Book Proposal Tips

Your Winning Book Proposal

Professionals from every field consider the process of producing an effective book proposal a truly daunting task, especially when they learn the extent to which they must sell–even justify–their idea in the competitive publishing market.

Books are not made for furniture, but there is nothing else
that so beautifully furnishes a house.
— Henry Ward Beecher

Proposal packages remain the best marketing tool nonfiction book authors have when they approach agents or editors. The package includes a narrative chapter outline and sample chapters, but the proposal itself is a critical piece.

Let these six key concepts guide your proposal plan:

The Hook – agents and/or editors want to be drawn in quickly. Your hook can be a statement, an anecdote, or even a startling or important statistic. Use the first paragraph or two to describe the essence of your book.

The Reason – why does this book fill a gap or respond to a particular need among a select group of potential readers? Who are those readers? What is your book’s fundamental appeal to a primary audience, along with one or two secondary markets?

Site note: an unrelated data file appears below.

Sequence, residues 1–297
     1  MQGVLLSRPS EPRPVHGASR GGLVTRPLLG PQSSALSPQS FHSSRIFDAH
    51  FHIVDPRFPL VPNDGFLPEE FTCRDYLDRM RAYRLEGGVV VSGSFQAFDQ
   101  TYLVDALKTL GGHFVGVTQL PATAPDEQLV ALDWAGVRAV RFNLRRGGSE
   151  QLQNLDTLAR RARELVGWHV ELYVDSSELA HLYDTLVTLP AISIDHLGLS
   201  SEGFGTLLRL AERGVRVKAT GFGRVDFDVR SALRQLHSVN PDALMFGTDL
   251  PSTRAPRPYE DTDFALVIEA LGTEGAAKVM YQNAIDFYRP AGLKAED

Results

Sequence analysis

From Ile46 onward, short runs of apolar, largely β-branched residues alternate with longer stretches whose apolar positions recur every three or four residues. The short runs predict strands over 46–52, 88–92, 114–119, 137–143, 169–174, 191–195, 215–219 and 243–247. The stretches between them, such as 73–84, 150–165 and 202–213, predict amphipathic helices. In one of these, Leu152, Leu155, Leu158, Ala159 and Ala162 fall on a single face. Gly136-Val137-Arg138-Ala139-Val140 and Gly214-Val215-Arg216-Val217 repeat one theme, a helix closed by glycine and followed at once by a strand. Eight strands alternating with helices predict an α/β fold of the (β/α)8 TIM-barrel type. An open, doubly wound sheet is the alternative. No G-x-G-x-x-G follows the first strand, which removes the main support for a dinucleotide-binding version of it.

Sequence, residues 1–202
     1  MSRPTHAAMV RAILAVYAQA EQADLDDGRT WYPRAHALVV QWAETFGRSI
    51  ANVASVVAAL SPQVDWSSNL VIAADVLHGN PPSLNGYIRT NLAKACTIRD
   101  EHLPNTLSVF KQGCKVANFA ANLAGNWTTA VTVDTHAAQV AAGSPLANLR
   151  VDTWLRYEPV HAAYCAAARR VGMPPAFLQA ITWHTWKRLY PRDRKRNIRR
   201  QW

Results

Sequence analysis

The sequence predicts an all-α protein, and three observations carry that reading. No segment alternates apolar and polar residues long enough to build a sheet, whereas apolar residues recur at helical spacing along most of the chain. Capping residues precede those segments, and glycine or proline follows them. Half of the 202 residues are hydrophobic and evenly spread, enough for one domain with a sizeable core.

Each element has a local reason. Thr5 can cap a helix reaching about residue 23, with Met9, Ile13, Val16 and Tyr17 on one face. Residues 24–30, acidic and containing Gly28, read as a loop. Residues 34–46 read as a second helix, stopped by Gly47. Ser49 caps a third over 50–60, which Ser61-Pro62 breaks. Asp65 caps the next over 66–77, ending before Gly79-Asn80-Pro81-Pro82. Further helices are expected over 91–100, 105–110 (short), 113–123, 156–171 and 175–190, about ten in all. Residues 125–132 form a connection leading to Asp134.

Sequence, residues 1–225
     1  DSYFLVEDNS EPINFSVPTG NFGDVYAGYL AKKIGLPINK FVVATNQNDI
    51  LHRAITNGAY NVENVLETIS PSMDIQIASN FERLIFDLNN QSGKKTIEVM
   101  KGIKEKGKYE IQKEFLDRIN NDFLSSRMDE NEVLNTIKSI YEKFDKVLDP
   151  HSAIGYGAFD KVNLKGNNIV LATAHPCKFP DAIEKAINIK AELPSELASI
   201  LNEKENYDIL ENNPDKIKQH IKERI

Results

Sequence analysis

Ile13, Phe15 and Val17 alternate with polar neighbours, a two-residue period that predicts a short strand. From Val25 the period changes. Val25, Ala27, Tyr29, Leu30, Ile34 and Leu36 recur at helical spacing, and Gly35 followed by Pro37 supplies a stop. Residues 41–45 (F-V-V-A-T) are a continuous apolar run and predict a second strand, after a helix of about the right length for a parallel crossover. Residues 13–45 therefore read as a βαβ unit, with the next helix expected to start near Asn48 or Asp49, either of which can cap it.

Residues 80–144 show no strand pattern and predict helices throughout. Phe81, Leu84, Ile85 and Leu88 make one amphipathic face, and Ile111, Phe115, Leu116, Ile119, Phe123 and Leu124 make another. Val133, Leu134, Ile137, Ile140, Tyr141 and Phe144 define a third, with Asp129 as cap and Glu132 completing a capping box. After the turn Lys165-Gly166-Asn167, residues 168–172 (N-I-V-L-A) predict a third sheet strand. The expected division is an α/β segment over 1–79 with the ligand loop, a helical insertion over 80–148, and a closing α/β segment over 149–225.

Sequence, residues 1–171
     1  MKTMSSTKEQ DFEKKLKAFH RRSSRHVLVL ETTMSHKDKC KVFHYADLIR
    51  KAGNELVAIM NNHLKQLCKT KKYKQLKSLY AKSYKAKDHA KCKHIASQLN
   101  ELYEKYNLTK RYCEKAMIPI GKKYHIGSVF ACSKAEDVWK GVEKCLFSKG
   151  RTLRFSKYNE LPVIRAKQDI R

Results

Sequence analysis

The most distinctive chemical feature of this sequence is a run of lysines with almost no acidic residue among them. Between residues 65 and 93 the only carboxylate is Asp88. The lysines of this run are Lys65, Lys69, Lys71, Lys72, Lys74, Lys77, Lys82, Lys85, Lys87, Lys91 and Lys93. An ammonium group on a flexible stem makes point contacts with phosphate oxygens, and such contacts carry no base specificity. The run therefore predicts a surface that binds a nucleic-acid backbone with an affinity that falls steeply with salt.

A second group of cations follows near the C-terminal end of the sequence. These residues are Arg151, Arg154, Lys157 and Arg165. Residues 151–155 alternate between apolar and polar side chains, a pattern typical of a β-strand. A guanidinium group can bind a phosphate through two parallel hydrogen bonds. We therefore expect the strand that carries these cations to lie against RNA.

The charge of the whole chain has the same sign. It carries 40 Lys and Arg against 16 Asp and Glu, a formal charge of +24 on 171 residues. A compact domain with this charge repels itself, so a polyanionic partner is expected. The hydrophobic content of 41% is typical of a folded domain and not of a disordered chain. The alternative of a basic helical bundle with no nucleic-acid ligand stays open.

The Readers – can you identify your primary readers? Will your book appeal to women or men under or over a certain age? Individuals with a particular medical condition? New parents? Aspiring investors, avid gardeners, or beginning golfers? You may have strong secondary markets, too. If you are writing about health problems that affect the elderly, then perhaps your market includes medical professionals and family members.

The Timing – why is this book needed now? What trends exist in business, medicine, technology, cooking, parenting, travel, and so forth, which make your book a compelling topic today? How do your experience and concept complement other available books on the topic.

The Author – why are you the best person to write this book? What special experience or quality do you bring to it?

The Platform – nowadays, the platform and promotion plan are key to finding agents and/or editors and this section of a nonfiction book proposal may be the most important element of all. Are you known in your field? Do you have media experience? How do you plan to promote your book? What avenues have you already developed? How will you use your website to promote the book? How does your special expertise and skills drive the promotion plan itself? (Details required!)

Remember that I’m available to help you on your journey from your idea to publication, including this step, your book proposal package. — Virginia